As the previous introductory outline indicated, the scope of human evolution is being considered within the context of past, present and future. However, it is clear that humanity has reached this point in its current physical evolution primarily based on biological mechanisms, driven by natural selection.
Therefore, this first section of discussions will focus on the biological models thought to underpin evolution, first in terms of the genetic model of natural selection and then the possible mechanisms of epigenetics to influence the action of genes over much smaller time frames. In this context, the discussion of biological evolution continues the debate about ‘nature versus nurture’, although there is now increasing evidence that both have important roles, when considered in terms of the genetic and epigenetic models to be outlined. However, as a starting point, evolution is often simply thought of in terms of Darwin’s idea of natural selection, where life slowly adapts to meet the challenges of a changing environment, while epigenetics might be seen to be a more controversial issue, especially if linked to Lamarck’s idea of acquired traits, which was thought to affect evolutionary processes over much shorter timeframes. By way of historic background, we might anchor the ‘nature’ side of this debate to two works by Charles Darwin, i.e. 'The Origin of Species by Means of Natural Selection (1859)' and 'The Descent of Man (1871)'. Of course, at the time of writing, Darwin knew nothing of modern-day genetics, which had to wait for later discoveries, e.g. the double-helix structure of DNA by Crick and Watson in 1953. From an even earlier historic perspective, we might anchor the ‘nurture’ side of the debate to the work of Jean-Baptiste Lamarck and the publication of 'The Inheritance of Acquired Traits (1809)’, which was also the year Darwin was born. Central to Lamarck’s work was the idea that evolution proceeded on the basis that individuals adapt during their own lifetime and transmitted the traits they acquire to their offspring. While Lamarck’s model was superseded by Darwin’s natural selection, hindsight tells us that both were operating on the basis of limited observational evidence and almost no knowledge of molecular biology, genetics and more recent developments in epigenetics.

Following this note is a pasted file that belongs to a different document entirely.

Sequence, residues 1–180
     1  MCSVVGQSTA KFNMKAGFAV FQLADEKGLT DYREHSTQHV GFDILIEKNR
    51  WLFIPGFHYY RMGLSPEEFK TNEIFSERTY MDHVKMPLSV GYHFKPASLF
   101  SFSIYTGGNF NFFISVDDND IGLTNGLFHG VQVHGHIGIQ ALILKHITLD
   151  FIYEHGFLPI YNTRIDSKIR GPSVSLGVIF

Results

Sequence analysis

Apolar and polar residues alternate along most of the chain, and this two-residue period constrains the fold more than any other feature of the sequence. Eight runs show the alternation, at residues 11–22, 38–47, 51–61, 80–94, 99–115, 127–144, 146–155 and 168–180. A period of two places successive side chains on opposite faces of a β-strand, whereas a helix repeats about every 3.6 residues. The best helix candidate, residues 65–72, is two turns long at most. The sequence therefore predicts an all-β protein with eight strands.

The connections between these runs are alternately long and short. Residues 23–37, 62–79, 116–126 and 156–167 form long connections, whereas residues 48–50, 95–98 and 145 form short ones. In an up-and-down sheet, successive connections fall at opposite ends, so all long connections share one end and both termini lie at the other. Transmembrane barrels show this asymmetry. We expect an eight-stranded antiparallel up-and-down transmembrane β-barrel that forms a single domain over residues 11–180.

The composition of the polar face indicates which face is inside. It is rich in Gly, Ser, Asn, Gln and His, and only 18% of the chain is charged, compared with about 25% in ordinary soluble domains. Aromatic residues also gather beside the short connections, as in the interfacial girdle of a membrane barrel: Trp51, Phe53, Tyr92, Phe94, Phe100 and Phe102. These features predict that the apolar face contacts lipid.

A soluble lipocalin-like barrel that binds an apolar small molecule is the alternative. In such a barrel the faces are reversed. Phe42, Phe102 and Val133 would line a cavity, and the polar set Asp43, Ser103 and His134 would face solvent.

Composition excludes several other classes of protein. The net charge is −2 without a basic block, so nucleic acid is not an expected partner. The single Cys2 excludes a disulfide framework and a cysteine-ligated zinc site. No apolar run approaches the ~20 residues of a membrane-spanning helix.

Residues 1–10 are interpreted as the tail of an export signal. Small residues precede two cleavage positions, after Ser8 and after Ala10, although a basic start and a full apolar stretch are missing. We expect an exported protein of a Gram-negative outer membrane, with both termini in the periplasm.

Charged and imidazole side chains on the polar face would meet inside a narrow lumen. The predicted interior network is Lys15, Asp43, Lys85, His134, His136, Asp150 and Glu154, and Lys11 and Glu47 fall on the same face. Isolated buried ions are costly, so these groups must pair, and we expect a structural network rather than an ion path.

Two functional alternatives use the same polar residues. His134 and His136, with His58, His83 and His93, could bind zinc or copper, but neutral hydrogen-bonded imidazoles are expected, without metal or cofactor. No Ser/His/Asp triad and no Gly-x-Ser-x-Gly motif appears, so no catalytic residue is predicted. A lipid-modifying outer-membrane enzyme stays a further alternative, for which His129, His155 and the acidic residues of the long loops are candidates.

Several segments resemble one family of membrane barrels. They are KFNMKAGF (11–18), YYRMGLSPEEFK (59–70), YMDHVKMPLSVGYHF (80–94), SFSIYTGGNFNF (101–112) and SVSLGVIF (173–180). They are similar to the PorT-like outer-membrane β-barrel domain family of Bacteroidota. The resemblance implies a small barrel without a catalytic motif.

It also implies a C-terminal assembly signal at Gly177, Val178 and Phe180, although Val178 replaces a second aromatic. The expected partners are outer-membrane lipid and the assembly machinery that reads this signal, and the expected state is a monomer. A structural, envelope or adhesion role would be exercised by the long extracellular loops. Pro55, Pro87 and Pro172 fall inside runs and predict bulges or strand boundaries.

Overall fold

So what is the present-day state of the evolutionary debate?
The addition of genetics to Darwin's theory of natural selection has become known as ‘modern evolutionary synthesis’. As such, it seeks to explain how natural selection results in genotype and phenotype changes taking place at the cellular level via processes decoded into DNA structures, i.e. genes. In contrast, epigenetic effects are not directly encoded into the DNA sequence, but may affect the operation of DNA by mechanisms that switch genes on and off resulting in differing cell functions. So, in this respect, the nature versus nurture debate has now been transposed into the debate as to how far evolutionary processes require both genetics and/or epigenetics mechanisms. However, in order to proceed, it is necessary to provide some basic introduction of the terminology and ideas that surround any discussion of the structural mechanisms associated with evolution in terms of cells and the DNA contained within.